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Construction workers lament pay gap, labour laws

Construction workers try to navigate doing their jobs on a building site without getting injured.
Construction workers try to navigate doing their jobs on a building site without getting injured. Pha Lina

Construction workers lament pay gap, labour laws

Cambodia’s construction industry may be one of the fastest growing sources of employment, however many workers remain unhappy with the labour laws governing the sector. The concern is compounded for female employees, with some workers expressing to Post Property frustration over wage disparities.

Chak Yeoun, a 30-year old construction worker who has worked mainly in the area of steel binding for the past ten years, said her male counterparts are generally better remunerated than the female workers on construction sites.

“As a female construction worker, we face both light and heavy duty jobs under the same harsh climate as the men, but we generally get less daily fees than they do.”

“Male workers get about 28,000 riel per day, but female workers only get about 20,000 to 22,000 riel,” she said, adding “we have tried to ask for more money from contractors and payroll clerks, but they claim that we don’t do the same amount of work as the guys.”

From her experience working in the construction sector, Yeoun says female workers do a range of duties such as arrange tiles, mix cement and carry heavy material such as steel.

“Sometimes we even work longer hours than the guys but the head of the big [construction] companies and contractors won’t admit it,” Yeoun claimed.

According to Yeoun, there are also disrepensices in employment arrangements and entitlements when working in the construction indsutry.

“If we are directly employed by the companies, they would double our pay if we work during holidays, but contractors would give you the same amount of pay as work done on normal days,” she said.

Suon Srey Ya, a long time construction worker who has recently been working at the AEON 2 mall construction site, expressed similar concerns as Yeoun regarding pay disparity.

“Men and women both work eight hours a day, but sometimes we only get $5 or $6 dollars per day, while the guys get $7 and upwards,” she said.

Both women told Post Property that workplace discrimination in the construction industry also extended beyond the claimed wage gap.

“During jobs if they know we are pregnant, the manager or the contractor will fire us immediately,” they claimed, adding “ we have requested for the government to create laws protecting construction workers, and laws related to work holidays, maternity leave, and gender discrimination.”

Yann Thy, secretary-general of Building and Wood Workers Trade Union Federation of Cambodia (BWTUC), told Post Property that there are currently 200,000 workers employed in Cambodia’s fast growing construction sector with about 30 percent of that figure comprised of women.

A female construction worker in Phnom Penh dons appropriate attire.
A female construction worker in Phnom Penh dons appropriate attire. Photo supplied

Thy said it was important that females workers received the same benefits and wages as their male counterparts.

“For the greater good, we implore the government to help create policies that can help set a minimum wage for all workers employed in the construction sector and create new laws that can help both male and female construction workers,” he said.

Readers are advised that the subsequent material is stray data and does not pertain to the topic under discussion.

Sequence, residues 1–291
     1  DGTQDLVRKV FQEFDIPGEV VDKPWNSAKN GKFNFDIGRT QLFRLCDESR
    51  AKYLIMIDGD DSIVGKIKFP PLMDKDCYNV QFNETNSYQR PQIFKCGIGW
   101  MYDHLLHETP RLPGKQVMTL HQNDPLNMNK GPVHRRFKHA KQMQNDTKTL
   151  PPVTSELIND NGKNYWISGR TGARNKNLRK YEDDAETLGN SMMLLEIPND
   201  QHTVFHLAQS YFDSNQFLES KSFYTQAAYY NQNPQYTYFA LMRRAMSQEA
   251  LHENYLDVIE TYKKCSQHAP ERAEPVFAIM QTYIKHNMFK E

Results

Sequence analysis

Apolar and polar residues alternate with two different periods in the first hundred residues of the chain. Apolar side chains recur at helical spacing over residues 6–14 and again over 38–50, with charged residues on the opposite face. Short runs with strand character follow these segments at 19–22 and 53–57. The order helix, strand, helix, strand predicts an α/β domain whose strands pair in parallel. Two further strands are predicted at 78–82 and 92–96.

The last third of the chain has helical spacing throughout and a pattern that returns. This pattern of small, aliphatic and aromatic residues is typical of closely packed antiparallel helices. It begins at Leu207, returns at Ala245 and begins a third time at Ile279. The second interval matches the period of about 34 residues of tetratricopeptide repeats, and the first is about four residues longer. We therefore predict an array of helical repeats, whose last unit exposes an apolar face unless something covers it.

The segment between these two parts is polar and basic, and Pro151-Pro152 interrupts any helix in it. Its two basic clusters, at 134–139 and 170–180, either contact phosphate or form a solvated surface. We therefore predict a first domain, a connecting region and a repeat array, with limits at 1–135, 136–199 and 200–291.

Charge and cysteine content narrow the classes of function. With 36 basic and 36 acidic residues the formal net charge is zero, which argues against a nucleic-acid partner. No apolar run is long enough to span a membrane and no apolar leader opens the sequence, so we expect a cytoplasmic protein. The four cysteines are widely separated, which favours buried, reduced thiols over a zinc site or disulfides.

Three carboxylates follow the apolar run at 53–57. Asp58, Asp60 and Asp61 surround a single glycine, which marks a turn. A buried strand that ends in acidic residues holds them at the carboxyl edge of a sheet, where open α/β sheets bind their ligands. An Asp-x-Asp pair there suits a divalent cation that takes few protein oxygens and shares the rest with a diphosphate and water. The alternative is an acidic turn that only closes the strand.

Thy also implored for improved working conditions across the board, noting that workers in the construction industry are exposed to a high level of risk.

“In the past, there have been a lot of construction workers who have suffered serious injuries from a range of accidents such as falling from a great high and being electrocuted which are due to unsafe work practices,” he noted.

“Unfortunately, however, construction workers don’t receive a lot of attention from authorities or associated NGOs,” he added.

Commenting on the wage construction workers receive, Thy said that the minimum wage for workers on building sites was in fact higher than the minimum wage received by those working in the country’s garment sector.

He continued, “That’s why there’s a need for a proper study from the International Labour Organisation and parties concerned on whether the government should use the same minimum wage formula as the garment industry or whether to establish a different minimum wage for the construction industry.”

Ministry of Labour spokesman Heng Sour said the country may soon set a national minimum wage standard that would be used across all forms of employment.

“In fact we’re currently in talks with the Ministry of Land Management, Urban Planning, and Construction as well as the Cambodia Society of Architects to push all construction companies to obtain permits from the ministry and the construction company must also have a technical expert to ensure adherence to the country’s safety laws,” he added.

Commenting on the topic of minimum wage across the construction industry, Heng claimed the government should not be solely responsible for determining a benchmark amount.

“There should be a three-way discussion mechanism whereby the employers, associated parties, and the government negotiate hand in hand,” he said.

Earleir this week, Labour Minister Ith Sam said a universal minimum wage law would be passed later this year. The current minimum wage of $153 a month only applies to the garment and footwear sector.

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